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ARS Home » Pacific West Area » Davis, California » Western Human Nutrition Research Center » Obesity and Metabolism Research » Research » Publications at this Location » Publication #325815

Research Project: Improving Public Health by Understanding Diversity in Diet, Body, and Brain Interactions

Location: Obesity and Metabolism Research

Title: The value of anthropometric indices for identifying women with features of metabolic syndrome

Author
item Welch, Lucas - University Of California
item Horn, William
item Krishnan, Shridevi - University Of California
item Kishimura, Kathleen
item Que, Excel
item Holguin, Evelyn - University Of California
item Keim, Nancy

Submitted to: Meeting Abstract
Publication Type: Abstract Only
Publication Acceptance Date: 2/1/2016
Publication Date: 4/2/2016
Citation: Welch, L.C., Horn, W.F., Krishnan, S., Kishimura, K.M., Que, E.S., Holguin, E., Keim, N.L. 2016. The value of anthropometric indices for identifying women with features of metabolic syndrome. Meeting Abstract. Experimental Biology 2016, San Diego, CA, April 2-6, 2016..

Interpretive Summary:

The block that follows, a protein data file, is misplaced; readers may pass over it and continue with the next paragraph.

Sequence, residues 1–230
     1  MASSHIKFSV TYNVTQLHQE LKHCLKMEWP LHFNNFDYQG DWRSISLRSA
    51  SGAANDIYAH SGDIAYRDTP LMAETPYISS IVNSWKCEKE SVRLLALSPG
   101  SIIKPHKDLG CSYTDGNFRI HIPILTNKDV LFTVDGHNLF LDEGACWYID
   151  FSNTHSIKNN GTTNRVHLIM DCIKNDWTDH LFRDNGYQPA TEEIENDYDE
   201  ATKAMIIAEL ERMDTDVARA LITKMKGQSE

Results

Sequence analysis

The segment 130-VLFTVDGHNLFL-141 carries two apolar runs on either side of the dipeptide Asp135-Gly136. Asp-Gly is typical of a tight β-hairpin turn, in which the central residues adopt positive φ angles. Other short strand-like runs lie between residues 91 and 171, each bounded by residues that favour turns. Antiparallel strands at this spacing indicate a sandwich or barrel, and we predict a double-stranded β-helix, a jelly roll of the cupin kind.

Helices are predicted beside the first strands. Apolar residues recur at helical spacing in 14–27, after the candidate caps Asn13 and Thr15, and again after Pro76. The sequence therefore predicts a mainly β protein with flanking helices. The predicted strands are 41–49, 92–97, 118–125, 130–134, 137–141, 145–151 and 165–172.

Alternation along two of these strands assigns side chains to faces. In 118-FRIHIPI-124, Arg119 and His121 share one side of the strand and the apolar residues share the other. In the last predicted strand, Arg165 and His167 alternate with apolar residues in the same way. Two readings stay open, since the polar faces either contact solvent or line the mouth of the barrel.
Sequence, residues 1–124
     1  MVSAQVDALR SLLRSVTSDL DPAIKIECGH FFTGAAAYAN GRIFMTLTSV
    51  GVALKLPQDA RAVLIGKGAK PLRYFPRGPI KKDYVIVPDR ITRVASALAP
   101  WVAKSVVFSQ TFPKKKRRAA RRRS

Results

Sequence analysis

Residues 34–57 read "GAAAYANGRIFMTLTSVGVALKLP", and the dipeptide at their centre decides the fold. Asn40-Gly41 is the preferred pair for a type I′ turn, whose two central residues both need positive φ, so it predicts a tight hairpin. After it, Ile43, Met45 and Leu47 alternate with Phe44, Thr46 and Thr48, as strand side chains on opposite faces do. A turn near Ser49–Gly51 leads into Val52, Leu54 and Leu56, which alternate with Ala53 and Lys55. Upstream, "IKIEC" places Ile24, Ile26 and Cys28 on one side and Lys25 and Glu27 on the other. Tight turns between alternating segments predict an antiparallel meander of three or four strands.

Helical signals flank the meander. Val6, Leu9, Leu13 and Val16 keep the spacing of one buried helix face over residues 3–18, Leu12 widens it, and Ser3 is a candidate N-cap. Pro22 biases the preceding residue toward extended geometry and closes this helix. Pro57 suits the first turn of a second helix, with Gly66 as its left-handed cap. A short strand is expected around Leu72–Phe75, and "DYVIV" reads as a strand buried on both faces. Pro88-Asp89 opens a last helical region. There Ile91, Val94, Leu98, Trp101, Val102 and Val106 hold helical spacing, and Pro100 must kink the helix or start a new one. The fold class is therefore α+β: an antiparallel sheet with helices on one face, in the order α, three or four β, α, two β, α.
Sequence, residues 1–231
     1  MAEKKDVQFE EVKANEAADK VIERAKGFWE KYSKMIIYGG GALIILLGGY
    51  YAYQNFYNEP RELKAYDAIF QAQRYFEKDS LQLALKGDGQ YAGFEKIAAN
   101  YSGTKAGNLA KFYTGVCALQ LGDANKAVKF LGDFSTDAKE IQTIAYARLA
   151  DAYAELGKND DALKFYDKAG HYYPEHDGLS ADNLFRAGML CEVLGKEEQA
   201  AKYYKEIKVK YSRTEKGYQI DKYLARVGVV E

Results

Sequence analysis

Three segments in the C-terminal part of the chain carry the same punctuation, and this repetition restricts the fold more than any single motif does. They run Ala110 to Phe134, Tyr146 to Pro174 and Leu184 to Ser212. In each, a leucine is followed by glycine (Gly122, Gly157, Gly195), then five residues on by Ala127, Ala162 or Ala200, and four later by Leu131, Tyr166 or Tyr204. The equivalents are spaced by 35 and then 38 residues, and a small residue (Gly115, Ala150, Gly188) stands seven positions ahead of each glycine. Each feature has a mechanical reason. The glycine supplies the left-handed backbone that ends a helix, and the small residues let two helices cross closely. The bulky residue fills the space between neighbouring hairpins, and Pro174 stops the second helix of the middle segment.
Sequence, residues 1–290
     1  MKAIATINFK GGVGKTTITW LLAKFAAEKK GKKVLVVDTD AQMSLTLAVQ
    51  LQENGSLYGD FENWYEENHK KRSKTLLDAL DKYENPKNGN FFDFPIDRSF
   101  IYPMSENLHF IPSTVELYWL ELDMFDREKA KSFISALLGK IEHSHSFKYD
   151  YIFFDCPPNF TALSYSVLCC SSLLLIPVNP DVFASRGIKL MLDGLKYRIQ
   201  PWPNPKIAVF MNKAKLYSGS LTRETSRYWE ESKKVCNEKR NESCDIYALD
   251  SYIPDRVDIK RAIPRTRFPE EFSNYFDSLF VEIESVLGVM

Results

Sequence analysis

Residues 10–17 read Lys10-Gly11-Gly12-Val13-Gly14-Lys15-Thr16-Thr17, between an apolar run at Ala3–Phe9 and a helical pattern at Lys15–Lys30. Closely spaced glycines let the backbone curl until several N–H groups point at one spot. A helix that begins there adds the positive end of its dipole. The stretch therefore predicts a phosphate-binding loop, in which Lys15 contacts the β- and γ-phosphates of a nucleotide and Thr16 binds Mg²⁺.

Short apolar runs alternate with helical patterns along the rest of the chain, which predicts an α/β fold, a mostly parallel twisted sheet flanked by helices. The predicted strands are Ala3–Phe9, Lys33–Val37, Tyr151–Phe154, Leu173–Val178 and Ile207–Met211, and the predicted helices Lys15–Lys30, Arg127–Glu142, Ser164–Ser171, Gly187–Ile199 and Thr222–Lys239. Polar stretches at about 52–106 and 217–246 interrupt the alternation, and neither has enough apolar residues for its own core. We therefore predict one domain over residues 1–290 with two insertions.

Technical Abstract: BMI is a widely used anthropometric measure for identifying CVD and metabolic syndrome (MetS) risk. Two new anthropometric indices are A Body Shape Index (ABSI) and Body Roundness Index (BRI) that may provide better correlations to features of MetS. Methods: Subject data were obtained from 91 overweight or obese (BMI 31.8 kg/m2 + 3.7) women who screened for participation in a dietary pattern intervention study (NCT02298725). The screening consisted of collecting anthropometric, blood biomarker, and blood pressure measures. The screening measures were performed to identify participants who have metabolic syndrome. Results: Ninety one participants were successfully screened for symptoms of metabolic syndrome. Three anthropometric indices, BMI, ABSI, and BRI, were used to find correlations with clinical measures of MetS. Fasting OGTT Glucose (FG), Two Hour OGTT Glucose (Gluc-2Hr), Hemoglobin A1c (HbA1C), and Quantitative Insulin Sensitivity Check Index (QUICKI) did not significantly correlate with any of these indices. All of these indices had a significant correlation with Triglyceride (TG) and log HOMA (Homeostatic Model Assessment). BRI and BMI had high correlations with several blood measures that are indicative of MetS. Out of the anthropometric indices studied, BRI was significantly correlated with TG (r=0.362), HDL (r=-0.418) and HOMA (r=0.303). BMI was significantly correlated with HOMA (r=0.400), log HOMA (r=0.405), and the Matsuda Index (r=-0.255). Although demonstrating significant correlations with several measures, ABSI had weaker correlations than both BRI and BMI in all cases. It is also of note that there is significant difference between the mean ABSI of participants who had one or less, two, or three or more primary parameters of MetS (p=0.0008). Similarly, the mean BRI of participants in these MetS groups were also different (p<0.001). Conclusion: In general, BRI showed a stronger relationship to dyslipidemic measures while BMI showed a stronger relationship to glucose intolerance. Both ABSI and BRI showed significant differences between participants who had 1 feature of MetS and those who had 3 features of MetS, suggesting a potential role of ABSI and BRI as anthropometric indices for predicting MetS. With our next 100 screened participants we will be using these indices to validate these relationships.